Don’t say display ads are dead: ESPN shows there’s life in an old format

ESPN screenshot

Many online publishers spent last year fretting over how advertisers are paying less to display their messages beside news stories. Indeed, some say display ads should be declared dead altogether and replaced with “native advertising” that mimics a site’s editorial content.

This overstates the case. A better way to look at the situation is that it’s time for publishers to make better ads, and not to chuck the display format altogether. Check out, for instance, ESPN’s dynamic wall paper ad for an upcoming college football game that wraps around a story and lets viewers vote on their favorite team:

ESPN ad screenshot

The ad, first reported by AdWeek, expands dramatically for those who click to vote but still does not take over the entire screen:


The football message, which also contains video and social media features, is effective compared to traditional banner ads because it’s less intrusive and is relevant to the surrounding content. One can imagine this formula working well for other genres like travel or food.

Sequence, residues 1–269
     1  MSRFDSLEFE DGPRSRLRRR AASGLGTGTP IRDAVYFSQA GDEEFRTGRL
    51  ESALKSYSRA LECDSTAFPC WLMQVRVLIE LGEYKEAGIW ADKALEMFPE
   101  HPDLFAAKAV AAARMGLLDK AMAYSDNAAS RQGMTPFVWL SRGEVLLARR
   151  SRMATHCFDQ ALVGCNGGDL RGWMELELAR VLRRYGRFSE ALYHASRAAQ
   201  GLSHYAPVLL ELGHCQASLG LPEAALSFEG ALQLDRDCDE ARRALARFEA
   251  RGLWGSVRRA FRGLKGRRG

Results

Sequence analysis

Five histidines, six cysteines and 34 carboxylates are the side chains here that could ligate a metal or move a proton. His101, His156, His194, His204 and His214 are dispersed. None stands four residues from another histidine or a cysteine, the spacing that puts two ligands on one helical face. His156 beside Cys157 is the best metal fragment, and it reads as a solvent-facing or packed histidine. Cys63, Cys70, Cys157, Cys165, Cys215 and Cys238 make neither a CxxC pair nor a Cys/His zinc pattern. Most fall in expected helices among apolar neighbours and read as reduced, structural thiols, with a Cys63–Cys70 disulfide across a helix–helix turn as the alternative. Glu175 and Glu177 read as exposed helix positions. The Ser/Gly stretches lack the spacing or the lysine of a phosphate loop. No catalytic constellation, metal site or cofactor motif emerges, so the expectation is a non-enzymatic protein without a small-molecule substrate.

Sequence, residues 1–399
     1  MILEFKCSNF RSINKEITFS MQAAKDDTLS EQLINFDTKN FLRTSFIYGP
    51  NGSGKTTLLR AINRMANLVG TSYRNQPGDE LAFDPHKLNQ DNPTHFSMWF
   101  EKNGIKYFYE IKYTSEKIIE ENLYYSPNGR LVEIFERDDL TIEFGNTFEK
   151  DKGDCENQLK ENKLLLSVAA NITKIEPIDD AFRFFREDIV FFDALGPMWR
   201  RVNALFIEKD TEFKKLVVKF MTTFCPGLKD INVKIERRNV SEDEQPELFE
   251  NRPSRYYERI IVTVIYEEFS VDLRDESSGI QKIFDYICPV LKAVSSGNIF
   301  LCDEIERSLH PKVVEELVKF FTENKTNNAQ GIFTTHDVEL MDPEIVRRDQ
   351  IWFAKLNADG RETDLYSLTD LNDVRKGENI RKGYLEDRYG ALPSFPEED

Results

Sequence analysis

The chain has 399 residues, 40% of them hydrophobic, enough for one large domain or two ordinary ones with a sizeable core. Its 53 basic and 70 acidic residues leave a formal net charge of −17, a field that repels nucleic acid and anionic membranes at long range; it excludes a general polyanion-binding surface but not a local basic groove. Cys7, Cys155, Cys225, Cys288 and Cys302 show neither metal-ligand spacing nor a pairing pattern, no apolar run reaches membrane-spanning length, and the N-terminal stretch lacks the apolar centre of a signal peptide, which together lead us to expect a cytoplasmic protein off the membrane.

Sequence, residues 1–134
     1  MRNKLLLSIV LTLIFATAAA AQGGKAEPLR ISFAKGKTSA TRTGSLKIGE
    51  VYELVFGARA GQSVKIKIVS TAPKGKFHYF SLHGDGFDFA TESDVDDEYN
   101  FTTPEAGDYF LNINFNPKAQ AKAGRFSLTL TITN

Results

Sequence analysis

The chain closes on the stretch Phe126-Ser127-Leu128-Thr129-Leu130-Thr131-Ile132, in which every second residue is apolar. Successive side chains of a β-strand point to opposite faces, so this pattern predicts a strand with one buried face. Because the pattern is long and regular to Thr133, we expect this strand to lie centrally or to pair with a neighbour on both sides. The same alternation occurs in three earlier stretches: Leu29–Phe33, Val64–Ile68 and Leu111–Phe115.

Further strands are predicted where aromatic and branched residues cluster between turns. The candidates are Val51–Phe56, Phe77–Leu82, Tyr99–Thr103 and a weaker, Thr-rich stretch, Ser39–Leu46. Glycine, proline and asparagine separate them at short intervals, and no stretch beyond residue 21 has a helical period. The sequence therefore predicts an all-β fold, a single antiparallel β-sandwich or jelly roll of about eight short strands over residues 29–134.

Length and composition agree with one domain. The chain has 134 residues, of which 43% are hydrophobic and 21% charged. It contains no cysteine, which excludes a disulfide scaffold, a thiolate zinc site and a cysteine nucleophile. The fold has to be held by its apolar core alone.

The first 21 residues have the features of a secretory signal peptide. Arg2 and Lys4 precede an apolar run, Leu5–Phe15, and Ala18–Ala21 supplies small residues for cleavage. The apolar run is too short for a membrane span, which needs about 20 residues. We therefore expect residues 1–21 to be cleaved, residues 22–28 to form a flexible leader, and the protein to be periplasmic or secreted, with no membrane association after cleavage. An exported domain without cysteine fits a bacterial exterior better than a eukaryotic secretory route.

According to┬áMarc Horine, VP of Revenue & Operations for ESPN, last year brought about a “creative renaissance” that is letting brands “break through the clutter of the traditional ad experience.” Horine also points to ESPN’s investment in technology that lets the site display elegant TV-like ads behind a story.

ESPN is hardly the only one making innovative ads, of course. Another example is OneSpot, a Texas firm that makes customized content for major retailers and inserts it in relevant places around the web. The result is a sort of hybrid between traditional display ads and the fully bespoke native advertising.

The new ad formats are promising, especially when paired with sophisticated analytics tools that let brands measure an ad’s ROI in real time. The one wildcard is whether nervous publishers will double down and invest in these promising new ad formats at a time when the larger online ad market is declining.


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